The SEC wants to buy a blockchain forensics tool for monitoring smart contracts
August 4, 2020, 4:20PM EDT
1 min read
The U.S. Securities and Exchange Commission (SEC) has put out a call for a blockchain forensics tool to help it monitor smart contracts. On July 30, the agency released a solicitation that gives software firms until August 13 to submit their proposals.
The tool will monitor smart contract code, effectively serving as a way to keep a closer eye on the Decentralized Finance ecosystem.
The SEC said it's looking for a tool that can "analyze smart contract logic," like contract purpose, token sale specifications, purchase and sale restriction, whitelisted or blacklisted addresses and permission management. It's also looking to identify contract modifications performed with administrator keys.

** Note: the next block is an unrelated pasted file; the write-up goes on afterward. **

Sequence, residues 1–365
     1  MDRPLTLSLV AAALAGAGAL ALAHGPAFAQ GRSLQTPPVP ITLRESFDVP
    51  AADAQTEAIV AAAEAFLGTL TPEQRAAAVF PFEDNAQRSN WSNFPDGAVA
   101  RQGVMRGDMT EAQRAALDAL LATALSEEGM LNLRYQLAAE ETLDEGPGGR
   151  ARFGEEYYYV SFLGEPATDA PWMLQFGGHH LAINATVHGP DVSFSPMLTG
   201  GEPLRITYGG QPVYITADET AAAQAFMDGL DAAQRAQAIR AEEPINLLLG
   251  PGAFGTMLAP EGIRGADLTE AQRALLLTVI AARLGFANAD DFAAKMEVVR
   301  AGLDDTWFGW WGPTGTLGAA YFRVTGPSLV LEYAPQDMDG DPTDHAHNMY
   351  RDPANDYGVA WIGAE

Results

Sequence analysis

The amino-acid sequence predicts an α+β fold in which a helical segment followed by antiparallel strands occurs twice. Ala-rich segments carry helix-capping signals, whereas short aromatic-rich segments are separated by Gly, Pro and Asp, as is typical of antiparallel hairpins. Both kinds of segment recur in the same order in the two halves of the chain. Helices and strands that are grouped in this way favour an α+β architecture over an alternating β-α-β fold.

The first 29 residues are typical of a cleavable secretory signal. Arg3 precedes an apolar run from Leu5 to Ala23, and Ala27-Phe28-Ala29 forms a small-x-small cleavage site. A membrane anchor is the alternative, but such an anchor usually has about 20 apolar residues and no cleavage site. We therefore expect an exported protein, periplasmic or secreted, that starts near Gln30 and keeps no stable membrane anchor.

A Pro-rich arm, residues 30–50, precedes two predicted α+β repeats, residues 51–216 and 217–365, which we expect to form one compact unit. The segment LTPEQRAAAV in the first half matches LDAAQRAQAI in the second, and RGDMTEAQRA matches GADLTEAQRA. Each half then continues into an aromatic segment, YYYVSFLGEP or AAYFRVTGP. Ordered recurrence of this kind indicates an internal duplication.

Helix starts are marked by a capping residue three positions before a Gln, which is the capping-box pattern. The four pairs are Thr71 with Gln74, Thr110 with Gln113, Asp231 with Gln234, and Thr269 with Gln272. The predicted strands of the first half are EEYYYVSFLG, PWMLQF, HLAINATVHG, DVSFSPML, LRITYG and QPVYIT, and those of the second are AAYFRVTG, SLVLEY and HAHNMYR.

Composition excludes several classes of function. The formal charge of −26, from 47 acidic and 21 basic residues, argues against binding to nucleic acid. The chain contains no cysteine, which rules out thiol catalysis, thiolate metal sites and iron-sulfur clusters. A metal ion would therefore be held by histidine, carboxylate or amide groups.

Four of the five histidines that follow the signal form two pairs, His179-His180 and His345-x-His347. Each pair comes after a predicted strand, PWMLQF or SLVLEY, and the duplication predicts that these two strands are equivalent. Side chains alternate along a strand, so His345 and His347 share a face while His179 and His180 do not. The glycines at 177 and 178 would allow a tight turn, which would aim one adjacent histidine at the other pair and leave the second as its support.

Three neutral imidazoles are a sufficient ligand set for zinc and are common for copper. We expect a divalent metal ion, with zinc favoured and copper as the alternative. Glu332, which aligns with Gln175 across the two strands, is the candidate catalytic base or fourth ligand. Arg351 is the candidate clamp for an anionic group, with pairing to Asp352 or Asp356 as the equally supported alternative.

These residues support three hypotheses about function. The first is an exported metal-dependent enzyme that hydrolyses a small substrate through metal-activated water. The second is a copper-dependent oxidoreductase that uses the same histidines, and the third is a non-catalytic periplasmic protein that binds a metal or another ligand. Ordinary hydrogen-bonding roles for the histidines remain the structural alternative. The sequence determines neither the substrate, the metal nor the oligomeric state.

Though the solicitation lists the qualification as "preferred not required," the SEC hopes security and vulnerability analysis will be among the tool's capabilities.
The SEC move to onboard a blockchain forensic tool comes weeks after the Internal Revenue Service (IRS) inked a deal with Coinbase to leverage its blockchain tracing software. At the time, the IRS said in published documents that Coinbase Analytics provided "enhanced law enforcement sensitive capabilities."
The Block Research was commissioned by Algorand to create Layer-1 Platforms: A Framework for comparison, which provides a “look under the hood” at seven platforms: Algorand, Avalanche, Binance Smart Chain, Cosmos, Ethereum/Ethereum 2.0, Polkadot, and Solana.
We assess their technical design, related ecosystem data, and qualitative factors such as key ecosystem members to get an understanding of how they differ. Having done this analysis, we draw some insights for what the future of the broader smart contract landscape could look like for years to come.